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Animated map shows how religion spread around the world

Animated map shows how religion spread around the world

http://www.youtube.com/watch?v=AvFl6UBZLv4

Related:  uUE1Thoughts on religionMapsTimelineGlobalization

3-Question Quiz Predicts Whether You Believe in God by Steven Mazie According to a Harris Poll conducted last year, about three-quarters of Americans—74 percent, to be precise—believe in God. That is a lot of people, but the figure is notably lower than it was in identical polls conducted over the past decade. In 2005, 2007 and 2009, 82 percent of Americans said they were believers. Animated interactive of the history of the Atlantic slave trade. Source: slavevoyages.org For the full interactive version, use a larger device. Interactive by Andrew Kahn. Background image by Tim Jones. Usually, when we say “American slavery” or the “American slave trade,” we mean the American colonies or, later, the United States. But as we discussed in Episode 2 of Slate’s History of American Slavery Academy, relative to the entire slave trade, North America was a bit player.

The Wetsuitman A gale was blowing from the south-west as the elderly architect put on his jacket and rubber boots and went to face the elements. Down in the bay, four metre high waves crashed against the cliffs and sent sea spray hundreds of metres across the grazing land at Norway’s southernmost tip. The first thing the architect noticed when he approached the sea was a wetsuit. It lay stretched out on the small patch of grass between the cliffs, right outside the reach of the waves. “That might be useful,” the architect thought.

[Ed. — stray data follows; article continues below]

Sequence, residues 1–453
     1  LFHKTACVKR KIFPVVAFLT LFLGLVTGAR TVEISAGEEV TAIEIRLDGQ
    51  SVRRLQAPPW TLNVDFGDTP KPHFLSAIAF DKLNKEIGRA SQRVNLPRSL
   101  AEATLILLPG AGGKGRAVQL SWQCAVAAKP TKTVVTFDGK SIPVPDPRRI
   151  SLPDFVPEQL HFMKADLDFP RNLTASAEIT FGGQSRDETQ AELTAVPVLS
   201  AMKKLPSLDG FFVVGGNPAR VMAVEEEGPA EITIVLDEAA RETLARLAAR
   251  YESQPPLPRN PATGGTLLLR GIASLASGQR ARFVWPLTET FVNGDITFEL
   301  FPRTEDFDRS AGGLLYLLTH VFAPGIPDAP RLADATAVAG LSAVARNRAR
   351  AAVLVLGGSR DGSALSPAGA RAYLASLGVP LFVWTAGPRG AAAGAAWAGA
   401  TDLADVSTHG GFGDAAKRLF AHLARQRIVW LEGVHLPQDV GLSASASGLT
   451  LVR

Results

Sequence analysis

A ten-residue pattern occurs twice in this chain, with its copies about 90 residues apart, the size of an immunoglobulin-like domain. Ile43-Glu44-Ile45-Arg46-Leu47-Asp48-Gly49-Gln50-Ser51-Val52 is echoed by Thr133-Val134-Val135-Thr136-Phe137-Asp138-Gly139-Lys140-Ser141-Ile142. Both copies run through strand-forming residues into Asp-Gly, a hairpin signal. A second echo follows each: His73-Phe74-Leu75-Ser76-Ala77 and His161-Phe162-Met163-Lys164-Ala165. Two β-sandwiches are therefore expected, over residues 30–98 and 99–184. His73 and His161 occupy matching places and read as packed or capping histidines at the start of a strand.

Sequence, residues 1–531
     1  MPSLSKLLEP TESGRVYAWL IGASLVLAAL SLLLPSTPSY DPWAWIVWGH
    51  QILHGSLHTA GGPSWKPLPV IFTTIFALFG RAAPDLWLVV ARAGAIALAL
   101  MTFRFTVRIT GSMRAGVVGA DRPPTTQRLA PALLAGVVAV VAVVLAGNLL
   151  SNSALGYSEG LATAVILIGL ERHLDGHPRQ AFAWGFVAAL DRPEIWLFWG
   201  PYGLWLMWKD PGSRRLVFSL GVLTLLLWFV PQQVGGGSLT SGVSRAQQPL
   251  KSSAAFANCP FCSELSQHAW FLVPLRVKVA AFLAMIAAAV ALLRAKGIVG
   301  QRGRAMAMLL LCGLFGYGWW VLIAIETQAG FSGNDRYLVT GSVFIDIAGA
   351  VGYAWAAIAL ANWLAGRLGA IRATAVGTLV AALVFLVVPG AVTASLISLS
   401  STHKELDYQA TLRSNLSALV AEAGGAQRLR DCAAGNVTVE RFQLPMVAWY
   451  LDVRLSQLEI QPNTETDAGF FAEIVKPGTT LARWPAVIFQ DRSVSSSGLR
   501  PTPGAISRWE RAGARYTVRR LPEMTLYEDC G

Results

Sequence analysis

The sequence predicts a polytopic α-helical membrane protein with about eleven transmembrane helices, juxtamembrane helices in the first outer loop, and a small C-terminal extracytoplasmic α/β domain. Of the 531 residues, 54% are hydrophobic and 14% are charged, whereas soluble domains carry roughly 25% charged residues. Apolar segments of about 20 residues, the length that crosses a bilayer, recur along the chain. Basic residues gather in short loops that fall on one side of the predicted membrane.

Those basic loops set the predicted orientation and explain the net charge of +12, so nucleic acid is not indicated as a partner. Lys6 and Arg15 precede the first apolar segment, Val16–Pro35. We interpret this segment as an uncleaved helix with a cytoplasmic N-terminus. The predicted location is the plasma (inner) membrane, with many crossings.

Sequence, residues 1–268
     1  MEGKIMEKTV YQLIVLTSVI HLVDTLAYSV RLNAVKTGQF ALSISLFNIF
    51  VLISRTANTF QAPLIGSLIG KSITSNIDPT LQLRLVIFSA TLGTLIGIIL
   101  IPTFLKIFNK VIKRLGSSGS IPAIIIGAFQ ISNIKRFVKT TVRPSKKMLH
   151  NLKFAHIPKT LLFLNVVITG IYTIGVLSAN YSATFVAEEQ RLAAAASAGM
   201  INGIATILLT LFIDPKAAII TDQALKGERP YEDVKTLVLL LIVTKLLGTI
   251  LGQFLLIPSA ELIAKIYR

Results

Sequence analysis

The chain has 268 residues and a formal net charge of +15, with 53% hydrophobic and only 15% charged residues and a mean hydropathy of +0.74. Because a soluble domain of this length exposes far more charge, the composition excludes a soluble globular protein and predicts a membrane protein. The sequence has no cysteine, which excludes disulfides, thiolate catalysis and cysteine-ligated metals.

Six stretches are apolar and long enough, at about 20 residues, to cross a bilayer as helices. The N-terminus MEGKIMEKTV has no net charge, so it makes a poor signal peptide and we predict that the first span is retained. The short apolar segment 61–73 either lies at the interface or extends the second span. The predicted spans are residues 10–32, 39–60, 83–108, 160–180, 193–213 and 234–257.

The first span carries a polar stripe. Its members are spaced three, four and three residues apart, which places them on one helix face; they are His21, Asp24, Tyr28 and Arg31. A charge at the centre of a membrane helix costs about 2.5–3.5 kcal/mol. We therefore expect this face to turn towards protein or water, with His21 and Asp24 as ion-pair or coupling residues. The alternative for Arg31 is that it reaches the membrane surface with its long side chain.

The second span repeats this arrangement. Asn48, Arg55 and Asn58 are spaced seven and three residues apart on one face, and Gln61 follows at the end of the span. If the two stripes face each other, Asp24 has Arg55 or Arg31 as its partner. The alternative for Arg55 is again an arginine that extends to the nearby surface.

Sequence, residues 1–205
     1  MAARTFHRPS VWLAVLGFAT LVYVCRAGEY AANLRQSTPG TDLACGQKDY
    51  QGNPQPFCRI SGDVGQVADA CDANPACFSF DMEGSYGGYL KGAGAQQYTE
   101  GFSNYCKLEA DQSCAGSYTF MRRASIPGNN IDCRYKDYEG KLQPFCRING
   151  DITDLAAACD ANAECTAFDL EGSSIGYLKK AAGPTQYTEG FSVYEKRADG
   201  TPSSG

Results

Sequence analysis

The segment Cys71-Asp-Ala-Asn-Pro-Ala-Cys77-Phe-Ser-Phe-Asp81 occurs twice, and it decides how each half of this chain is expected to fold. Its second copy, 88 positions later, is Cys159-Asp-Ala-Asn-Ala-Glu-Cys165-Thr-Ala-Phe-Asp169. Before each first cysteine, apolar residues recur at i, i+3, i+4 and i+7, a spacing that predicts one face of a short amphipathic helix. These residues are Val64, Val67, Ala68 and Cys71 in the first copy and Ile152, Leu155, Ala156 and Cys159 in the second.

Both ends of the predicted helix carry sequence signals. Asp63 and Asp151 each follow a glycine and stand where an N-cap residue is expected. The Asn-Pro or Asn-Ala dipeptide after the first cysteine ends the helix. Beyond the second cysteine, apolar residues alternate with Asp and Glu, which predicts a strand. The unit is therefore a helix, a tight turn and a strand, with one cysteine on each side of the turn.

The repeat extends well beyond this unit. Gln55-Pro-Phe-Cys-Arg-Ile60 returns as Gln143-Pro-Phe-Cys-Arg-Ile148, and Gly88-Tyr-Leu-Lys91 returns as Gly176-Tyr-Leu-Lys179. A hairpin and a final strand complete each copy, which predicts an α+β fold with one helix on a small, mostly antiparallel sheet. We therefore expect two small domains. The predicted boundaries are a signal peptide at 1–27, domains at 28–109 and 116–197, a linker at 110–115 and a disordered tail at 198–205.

Digital Film Historiography – A Bibliography With digitisation of film heritage occurring at an increasing pace, the past decade has seen an array of digital formats of access and reuse emerge, in scholarly as well as in museum contexts, to become central to the production, contemplation and validation of film historical knowledge: video essays, data visualizations, DVDs, online platforms and museum installations are formats that increasingly permeate sites of film historical knowledge. As pointed out by film and media scholars Vinzenz Hediger (2008), Malte Hagener (2011) and Katherine Groo (2012) with regard to this development, it becomes increasingly urgent to understand how and if the appropriations of digitised films in these formats confirm, challenge or reformulate understandings of film history. Addressing this debate and the concerns it expresses, I have established the bibliography below with the aim of enhancing the overview of emerging uses of digital methods in film historical research amongst film and media scholars.

Chuang Tzu: The Next Voice Refinement of Energy and Perfection of Spirit. Chuang Tzu (399 - 295 B.C.) has always been an influential Chinese philosopher. His writing is at once transcendental while at the same time being deeply immersed within everyday life. He is at peace while at the same time moving through the world. There is a deep vein of mysticism within him which is illuminated by his very rational nature. His style of writing with its parables and conversations both accessible while at the same time pointing to deeper issues.